995 – POP3S (Post Office Protocol 3 over SSL)
3389 – RDP (Remote Desktop Protocol)
5631 – PC Anywhere
3306 – MySQL
5432 – PostgreSQL
5900 – VNC
6379 – Redis
11211 – Memcached
If you’re looking for a full list of port numbers
check out this wikipedia page. I’ve listed all the common ports above, feel free to enter any custom port number to check. By
default, this site is taking your device’s IP address as target ip address (the device through which you’re visiting this web page), but you can
change the IP input field to check for other IP addresses – remote clients and servers as well. But, please don’t misuse this option
otherwise, I would have to restrict the IP address to source again (as I had done earlier). Please keep in mind that if you’re using a VPN
or proxy server then it may not be able to get your device’s IP correctly.
Understanding Port Forwarding
Port forwarding or port mapping involves translating the address (or port number to a new destination),
accepting the packets and forwarding it (using routing table). It’s typically used in connecting remote computers
to specific programs running on computer (in a private LAN (Local Area Network)). For example: running a public server (HTTP, port 80)
on a computer in a private LAN or granting SSH access to a specific computer in a private LAN etc.
Read More on Wikipedia.
If you’ve any feedback/suggestion for this website, please let me know.
Open Port Check Tool — Verify Port Forwarding on Your Router
This is a free utility for remotely verifying if a port is open or closed. It is useful to users who wish to verify port forwarding and check to see if a server is running or a firewall or ISP is blocking certain ports.
Port forwarding or port mapping allows remote computers to connect to a specific computer or service on a private network. This allows you to run a web server, game server or a service of your choosing from behind a router.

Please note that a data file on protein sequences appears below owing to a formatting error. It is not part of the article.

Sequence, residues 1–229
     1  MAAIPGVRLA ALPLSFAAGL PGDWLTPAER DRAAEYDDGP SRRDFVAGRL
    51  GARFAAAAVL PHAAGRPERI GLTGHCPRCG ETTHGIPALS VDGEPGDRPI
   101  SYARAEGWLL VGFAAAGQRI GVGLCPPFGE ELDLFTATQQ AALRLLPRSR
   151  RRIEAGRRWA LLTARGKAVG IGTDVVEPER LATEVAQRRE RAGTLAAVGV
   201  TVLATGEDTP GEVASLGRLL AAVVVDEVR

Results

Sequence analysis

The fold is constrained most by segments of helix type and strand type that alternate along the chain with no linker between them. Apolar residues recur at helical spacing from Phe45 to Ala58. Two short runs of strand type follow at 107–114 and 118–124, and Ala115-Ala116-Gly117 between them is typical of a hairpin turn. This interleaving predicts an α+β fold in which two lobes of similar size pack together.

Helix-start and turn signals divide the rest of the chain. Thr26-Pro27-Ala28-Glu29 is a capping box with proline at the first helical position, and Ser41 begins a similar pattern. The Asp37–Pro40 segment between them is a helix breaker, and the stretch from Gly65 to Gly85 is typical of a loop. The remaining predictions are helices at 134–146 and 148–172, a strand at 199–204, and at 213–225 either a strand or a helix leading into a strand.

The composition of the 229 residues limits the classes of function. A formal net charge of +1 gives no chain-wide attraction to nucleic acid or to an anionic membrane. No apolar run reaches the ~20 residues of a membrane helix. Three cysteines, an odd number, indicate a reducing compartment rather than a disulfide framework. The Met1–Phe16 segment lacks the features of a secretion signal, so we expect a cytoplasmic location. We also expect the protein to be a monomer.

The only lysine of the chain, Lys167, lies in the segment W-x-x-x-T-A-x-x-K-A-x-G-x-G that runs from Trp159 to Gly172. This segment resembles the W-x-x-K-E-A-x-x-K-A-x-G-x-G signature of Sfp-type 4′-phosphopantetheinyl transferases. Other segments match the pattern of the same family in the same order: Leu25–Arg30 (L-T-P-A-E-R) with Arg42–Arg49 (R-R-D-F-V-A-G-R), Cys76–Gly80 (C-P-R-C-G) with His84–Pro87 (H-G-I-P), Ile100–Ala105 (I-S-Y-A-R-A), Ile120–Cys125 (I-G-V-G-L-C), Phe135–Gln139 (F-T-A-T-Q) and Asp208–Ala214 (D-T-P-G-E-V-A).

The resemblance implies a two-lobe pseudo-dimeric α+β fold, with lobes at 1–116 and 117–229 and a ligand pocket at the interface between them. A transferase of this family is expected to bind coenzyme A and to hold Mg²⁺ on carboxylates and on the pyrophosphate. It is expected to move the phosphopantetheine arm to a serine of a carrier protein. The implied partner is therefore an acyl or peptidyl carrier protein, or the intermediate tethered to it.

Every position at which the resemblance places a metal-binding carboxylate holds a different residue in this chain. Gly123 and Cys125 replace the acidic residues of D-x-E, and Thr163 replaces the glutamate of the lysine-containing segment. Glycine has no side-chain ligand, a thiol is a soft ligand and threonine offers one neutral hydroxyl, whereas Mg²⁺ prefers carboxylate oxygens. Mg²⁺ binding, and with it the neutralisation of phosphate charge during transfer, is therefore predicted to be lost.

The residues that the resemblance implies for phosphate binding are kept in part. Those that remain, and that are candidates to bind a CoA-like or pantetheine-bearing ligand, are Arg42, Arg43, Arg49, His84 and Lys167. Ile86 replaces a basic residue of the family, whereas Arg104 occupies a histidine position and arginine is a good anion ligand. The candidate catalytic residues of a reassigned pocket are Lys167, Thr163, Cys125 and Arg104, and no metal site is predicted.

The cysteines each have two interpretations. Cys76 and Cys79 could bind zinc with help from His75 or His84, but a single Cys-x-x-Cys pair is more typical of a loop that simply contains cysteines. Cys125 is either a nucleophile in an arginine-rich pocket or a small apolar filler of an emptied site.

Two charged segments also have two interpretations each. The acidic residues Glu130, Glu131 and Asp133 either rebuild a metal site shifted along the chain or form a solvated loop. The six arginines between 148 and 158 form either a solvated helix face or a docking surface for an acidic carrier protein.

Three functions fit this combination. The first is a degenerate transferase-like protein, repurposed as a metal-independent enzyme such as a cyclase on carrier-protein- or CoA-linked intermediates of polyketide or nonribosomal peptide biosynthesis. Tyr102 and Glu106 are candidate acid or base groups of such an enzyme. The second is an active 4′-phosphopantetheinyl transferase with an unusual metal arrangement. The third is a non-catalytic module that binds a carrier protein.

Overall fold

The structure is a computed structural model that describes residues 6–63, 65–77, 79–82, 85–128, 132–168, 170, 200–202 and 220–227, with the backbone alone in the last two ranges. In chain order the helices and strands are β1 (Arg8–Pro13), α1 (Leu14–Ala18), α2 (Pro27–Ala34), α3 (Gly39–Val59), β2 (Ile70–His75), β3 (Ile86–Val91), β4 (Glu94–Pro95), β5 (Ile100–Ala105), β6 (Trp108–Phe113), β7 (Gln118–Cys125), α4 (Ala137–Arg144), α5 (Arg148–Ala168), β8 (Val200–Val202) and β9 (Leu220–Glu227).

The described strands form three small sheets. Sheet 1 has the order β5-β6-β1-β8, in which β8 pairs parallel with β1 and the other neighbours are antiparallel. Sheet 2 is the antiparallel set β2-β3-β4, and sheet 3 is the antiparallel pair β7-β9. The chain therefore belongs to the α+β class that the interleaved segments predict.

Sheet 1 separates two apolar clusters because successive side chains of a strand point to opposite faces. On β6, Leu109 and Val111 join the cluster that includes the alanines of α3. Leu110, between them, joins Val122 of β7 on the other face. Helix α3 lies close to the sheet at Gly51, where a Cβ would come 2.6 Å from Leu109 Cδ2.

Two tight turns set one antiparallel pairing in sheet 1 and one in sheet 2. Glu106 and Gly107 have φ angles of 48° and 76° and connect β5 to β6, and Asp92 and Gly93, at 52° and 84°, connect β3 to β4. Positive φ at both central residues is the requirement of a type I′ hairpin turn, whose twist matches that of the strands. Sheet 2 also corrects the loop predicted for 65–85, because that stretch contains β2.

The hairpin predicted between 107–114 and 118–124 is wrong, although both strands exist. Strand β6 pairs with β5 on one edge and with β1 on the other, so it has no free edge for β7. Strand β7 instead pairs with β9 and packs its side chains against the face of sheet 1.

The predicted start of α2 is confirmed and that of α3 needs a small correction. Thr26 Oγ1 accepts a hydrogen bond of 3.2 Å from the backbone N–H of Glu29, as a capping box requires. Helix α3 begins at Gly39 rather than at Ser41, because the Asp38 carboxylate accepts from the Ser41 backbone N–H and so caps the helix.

In a typical network the router has the public IP address and computers/servers obtain a private IP address from the router that is not addressable from outside the network. When you forward a specific port on your router, you are telling your router where to direct traffic for that port. This utility can verify the success of that process.
Please refer to your routers manual or manufacturer for assistance in setting up port forwarding.
Most residential ISP’s block ports to combat viruses and spam. The most commonly blocked ports are port 80 and port 25.
Port 80 is the default port for traffic. With blocked port 80 you will need to run your web server on a non-standard port.
Port 25 is the default port for sending and receiving mail. ISPs block this port to reduce the amount of spam generated by worms on infected machines within their network.
THE INFORMATION ON THIS PAGE IS STRICTLY FOR INFORMATIONAL PURPOSES ONLY. IT IS YOUR RESPONSIBILITY TO OBEY ALL APPLICABLE LOCAL, STATE AND FEDERAL LAWS. WE ASSUME NO LIABILITY AND ARE NOT RESPONSIBLE FOR ANY MISUSE OR DAMAGE CAUSED BY THE USE OF THE INFORMATION ON THIS PAGE.